Saturday, January 21, 2012


I wrote the below information for my lecture/trunk show about 5 years ago.  So it may not be totally up to date. I have a large collection of kit quilts, both crib and full size.  It is a passion.  I love to collect a quilt and then find a reference or advertisement for the pattern.  I have many, many notebooks full.  How do you share with other who have the same passion?  I am trying to make a stab at it with blogging, but I am not always motivated to get the blog done. 

Bucilla, Progress, Paragon, Gold-Art Needlework Co., Lee Wards, Home Needlecraft Creations, Herrschner’s, Wonder-Art, Vogart, Marvil Art, Aunt Ellen, Franks, Ladies Art Co., Rainbow, Jack Dempsey and others are names you will hear associated with kit quilts.

A quilt kit is the material (stamped or die-cut) in the package for making the quilt. A kit quilt is the finished quilt made from a kit. There is some discussion about what is a kit. Some do not include stamped blocks in their definition. Rosie Werner stated, “Years ago, Shirley McElderry, Merikay Waldvogel, and maybe Cuesta Benberry came to the conclusion that a kit had to have some component(s) that remained in the quilt.”  I personally think a kit quilt is when you find quilts that are exactly alike in design, color, fabric, quilting, size, etc.  Stamped blocks alone do not make a kit in my opinion.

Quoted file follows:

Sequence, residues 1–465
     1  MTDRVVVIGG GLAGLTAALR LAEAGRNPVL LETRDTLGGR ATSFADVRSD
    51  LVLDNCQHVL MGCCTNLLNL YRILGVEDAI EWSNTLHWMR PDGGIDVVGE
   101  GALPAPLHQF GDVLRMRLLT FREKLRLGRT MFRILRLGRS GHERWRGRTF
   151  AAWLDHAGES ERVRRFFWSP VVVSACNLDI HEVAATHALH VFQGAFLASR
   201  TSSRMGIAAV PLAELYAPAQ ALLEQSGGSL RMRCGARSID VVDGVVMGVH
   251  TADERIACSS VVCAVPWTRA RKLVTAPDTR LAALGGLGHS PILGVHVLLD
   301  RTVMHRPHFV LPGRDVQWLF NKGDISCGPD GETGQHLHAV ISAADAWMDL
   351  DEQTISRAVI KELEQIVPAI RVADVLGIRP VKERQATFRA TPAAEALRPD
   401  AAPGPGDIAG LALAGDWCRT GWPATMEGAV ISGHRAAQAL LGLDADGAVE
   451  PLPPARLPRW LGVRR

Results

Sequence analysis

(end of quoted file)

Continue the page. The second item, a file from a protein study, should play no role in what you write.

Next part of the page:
In 1935, Carrie Hall wrote that the kits popularized by “this hurrying age” were especially distressing for the “true quilter”. 

Cuesta Benberry, eminent quilt historian and kit quilt authority,  said in 1975 kit quilts made from precut or prestamped kits were one of the most controversial subjects in the quilt world of that time period.  A noted quilt author compared pre-cut kit quilts to paint by number art kits. Kits have also been compared to the box cake mix and other instant foods.

In the 1996 book Art Quilt Penny McMorris and Michael Kile commented “ Professional designers made the creative decisions, leaving women with only the work of sewing the preordained quilts together…With the introduction of these kits, quiltmaking became as far removed from art as are paint-by-numberings.”

The International Quilt Study Center & Museum in 2003 held a quilt show “Modern Marvels-Quilts Made from Kits, 1915-1950.  They stated quilt scholars were not aware until relatively recently just how many surviving Depression-era quilts were made from kits.

Lots of the negative comments on kit quilts comes from quilts made from kits entered in shows competing with quilts made-from- scratch.